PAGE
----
". . . a vigorous and intelligent rendering of Virgil's epic in modern idiom. . . . [This] translation captures the half-hearted attempt of Aeneas to persuade his men (and himself) that good times are ahead. Equally important, the rendering of Aeneas' encouraging words is realistic and vigorous, and the passage is not reduced to a set of famous Virgilian one-liners. The net effect of this style of translation is totain [sic] the narrative pace of Virgil's excellent story while preserving ambiguities that are often lost when Virgil is translated as a source for quotable quotes. This new version is also remarkable for its dynamic rendering of great descriptive passages. Such 'purple passages' show both Virgil and Prof. McCrorie as accomplished poets."
"[The whole translation] looks good to me. These are handsome pages. Your introduction also reads well, with its reminder that Virgil was an Italian and its stressing the operative qualities of his work."
—John Frederick Nims
"This reader's impression of the Aeneid in Edward McCrorie's new translation was that of power—the power of the story and especially of the narrative art itself. . . . The reader without Latin or much experience of epic might better enjoy this version than other, more minutely faithful, renderings. I would not hesitate to recommend it for that group as well as for Latinists interested in reconsidering the Vergil we think we know."
—New England Classical Letter and Journal
"What's right with this translation is that today's reader can read it. Virgil's poetry remains in modern garb. The language is clean and clear and precise, and best of all it is today's language. . . . If you've wanted since your Latin 4 days to take an unhurried look at the Aeneid, this book is a fine way to do it."
—Providence Journal Bulletin
"Virgil's 2,000-year-old epic of love, warfare and the birth of a nation remains as fresh as ever in this new free-verse translation by poet and professor Edward McCrorie. . . . McCrorie brings to life the story of the 'first man from a Trojan / coast to arrive in Italy,' rendering Virgil's Latin hexameters into sure and idiomatic English."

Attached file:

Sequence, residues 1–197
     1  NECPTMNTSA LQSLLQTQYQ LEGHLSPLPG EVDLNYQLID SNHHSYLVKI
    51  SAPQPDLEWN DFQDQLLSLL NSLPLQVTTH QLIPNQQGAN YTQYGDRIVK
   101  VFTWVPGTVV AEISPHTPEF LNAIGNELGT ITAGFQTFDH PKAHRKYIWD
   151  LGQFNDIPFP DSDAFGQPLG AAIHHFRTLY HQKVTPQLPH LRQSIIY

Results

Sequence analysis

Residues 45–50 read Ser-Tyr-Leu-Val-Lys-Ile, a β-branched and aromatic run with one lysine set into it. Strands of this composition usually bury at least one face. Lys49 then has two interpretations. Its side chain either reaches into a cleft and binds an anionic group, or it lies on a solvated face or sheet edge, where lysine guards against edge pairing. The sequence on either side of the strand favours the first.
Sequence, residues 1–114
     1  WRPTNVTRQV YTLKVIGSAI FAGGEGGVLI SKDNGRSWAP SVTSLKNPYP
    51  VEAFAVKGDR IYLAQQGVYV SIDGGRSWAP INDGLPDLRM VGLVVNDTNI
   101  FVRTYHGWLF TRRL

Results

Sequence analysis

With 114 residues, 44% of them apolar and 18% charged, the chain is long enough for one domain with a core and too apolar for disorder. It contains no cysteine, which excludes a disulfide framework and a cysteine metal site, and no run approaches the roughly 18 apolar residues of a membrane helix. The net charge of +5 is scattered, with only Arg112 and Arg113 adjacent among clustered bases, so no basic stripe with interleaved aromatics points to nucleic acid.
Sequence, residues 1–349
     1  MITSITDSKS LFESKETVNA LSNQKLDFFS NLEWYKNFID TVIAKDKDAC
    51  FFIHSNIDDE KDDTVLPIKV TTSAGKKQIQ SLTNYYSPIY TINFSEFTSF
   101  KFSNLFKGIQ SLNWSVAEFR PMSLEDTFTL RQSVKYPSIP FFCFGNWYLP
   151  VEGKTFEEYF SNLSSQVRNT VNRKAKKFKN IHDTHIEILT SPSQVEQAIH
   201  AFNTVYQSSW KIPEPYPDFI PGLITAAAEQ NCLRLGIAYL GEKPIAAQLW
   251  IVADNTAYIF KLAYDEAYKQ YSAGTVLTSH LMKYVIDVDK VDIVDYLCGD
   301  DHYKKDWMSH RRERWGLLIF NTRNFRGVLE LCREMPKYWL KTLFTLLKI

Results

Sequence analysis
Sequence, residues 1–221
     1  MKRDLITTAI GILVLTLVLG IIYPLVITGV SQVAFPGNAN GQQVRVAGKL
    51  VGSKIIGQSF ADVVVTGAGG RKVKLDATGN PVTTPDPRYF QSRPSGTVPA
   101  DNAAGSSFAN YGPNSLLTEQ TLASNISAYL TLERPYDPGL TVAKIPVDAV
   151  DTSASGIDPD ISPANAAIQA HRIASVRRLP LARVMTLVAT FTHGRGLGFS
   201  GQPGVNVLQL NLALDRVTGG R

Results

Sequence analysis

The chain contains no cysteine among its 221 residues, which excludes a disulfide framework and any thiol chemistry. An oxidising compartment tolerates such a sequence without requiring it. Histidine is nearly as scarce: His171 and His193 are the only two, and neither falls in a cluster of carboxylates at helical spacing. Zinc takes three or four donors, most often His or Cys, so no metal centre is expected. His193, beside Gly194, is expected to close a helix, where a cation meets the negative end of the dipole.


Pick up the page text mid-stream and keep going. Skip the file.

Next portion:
". . . a phenomenal and masterly tour de force. [McCrorie] has presented us with a version of the Aeneid translated line by line, remarkable for its fidelity to the original not only in literal meaning, but also—equally important—in spirit and sense. . . . [McCrorie's] lines abound with the beauty of the original. . . . This is a superlative translation, well worth reading in full or merely keeping at one's side for occasional forays. Do yourself a favour—buy it!"
—Joint Association of Classical Teachers
"While no translator can claim to have captured wholly the breathtakingly beautiful Latin of the Aeneid, McCrorie, a poet of great skill and imagination, can come close to matching the artistry of the Roman bard. . . . In his excellent introduction to the volume, Vincent Cleary invites American readers to reclaim the Aeneid as a classic that resonates with our culture. McCrorie's translation can help achieve this goal. It retains most of what readers over the ages have found appealing in the poem: the powerful drama, the melancholy, the chilling ambiguity. What is more, it serves these up as only a poet could. An Anglophone St. Augustine, on reading McCrorie's translation, would, I think, still be moved to tears by Dido's plight and the beauty of the poem."
—Blaise Nagy, Harvard Review